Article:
It's hard to remember such a carefully controlled, ruthlessly organised, painstakingly cautious, generally locked-down and sewn-up MMO launch preparation as that currently being undertaken by NCsoft West for the US and European launch of Aion: The Tower of Eternity. That's because there's probably never been one.
As it picks its way through a series of short closed beta previews ahead of its late-September launch, Aion is looking slick and confident and playing as smooth as silk. But the servers are never up long enough for it to truly get under our skin, or for us to properly penetrate its mysteries. Is NCsoft discreetly drawing a veil over its Korean beauty-queen's blemishes, or simply playing the PR tease? After a couple of weekends with the game, my money's on the latter.
That's partly because Aion's been rocking the Asian PC cafés and subsidising bubble-tea sales since late last year, and has had plenty of time for its kinks to be ironed out ahead of what NCsoft likes to call its Western "culturalisation". The benefits of taking one's time and using a solid technology base - CryEngine, in this case - are immediately apparent when you install the game. The Aion client is excellent. Being stable, scalable, reliable and fuss-free is far from a given in MMOs, but Aion is all those things, and can already stand alongside the genre's usability kings, EVE Online and World of Warcraft. Its expansive, zone-free open-world environments look terrific and run smoothly on a wide variety of systems. It just works.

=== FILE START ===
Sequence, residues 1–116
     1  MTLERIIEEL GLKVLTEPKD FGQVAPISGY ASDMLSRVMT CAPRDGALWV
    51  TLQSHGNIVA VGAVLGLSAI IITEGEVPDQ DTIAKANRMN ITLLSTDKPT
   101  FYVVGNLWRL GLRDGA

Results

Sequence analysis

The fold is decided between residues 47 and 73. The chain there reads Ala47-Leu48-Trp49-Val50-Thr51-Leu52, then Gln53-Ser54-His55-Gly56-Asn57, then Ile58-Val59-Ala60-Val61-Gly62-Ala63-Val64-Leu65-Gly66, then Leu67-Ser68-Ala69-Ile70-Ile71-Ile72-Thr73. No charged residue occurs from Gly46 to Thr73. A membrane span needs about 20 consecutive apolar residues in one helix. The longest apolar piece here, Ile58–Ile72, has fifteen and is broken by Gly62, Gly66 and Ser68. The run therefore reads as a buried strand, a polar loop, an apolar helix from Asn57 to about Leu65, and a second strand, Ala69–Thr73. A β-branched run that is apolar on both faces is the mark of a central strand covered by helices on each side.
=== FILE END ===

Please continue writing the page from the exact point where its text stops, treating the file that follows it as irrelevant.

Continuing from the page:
That's not just true of the game's technical side. Aion has evidently been put together - and localised - with tremendous care and attention to detail. It's hardly surprising. This could not be a more critical game for NCsoft, which hasn't had a successful launch since 2005's Guild Wars, has suffered a couple of high-profile flops (Auto Assault and Tabula Rasa), and hasn't previously managed to convert huge Asian hits like Lineage and Lineage II into magnets for Western players. Aion needs to change that, and NCsoft certainly isn't going to leave it to chance.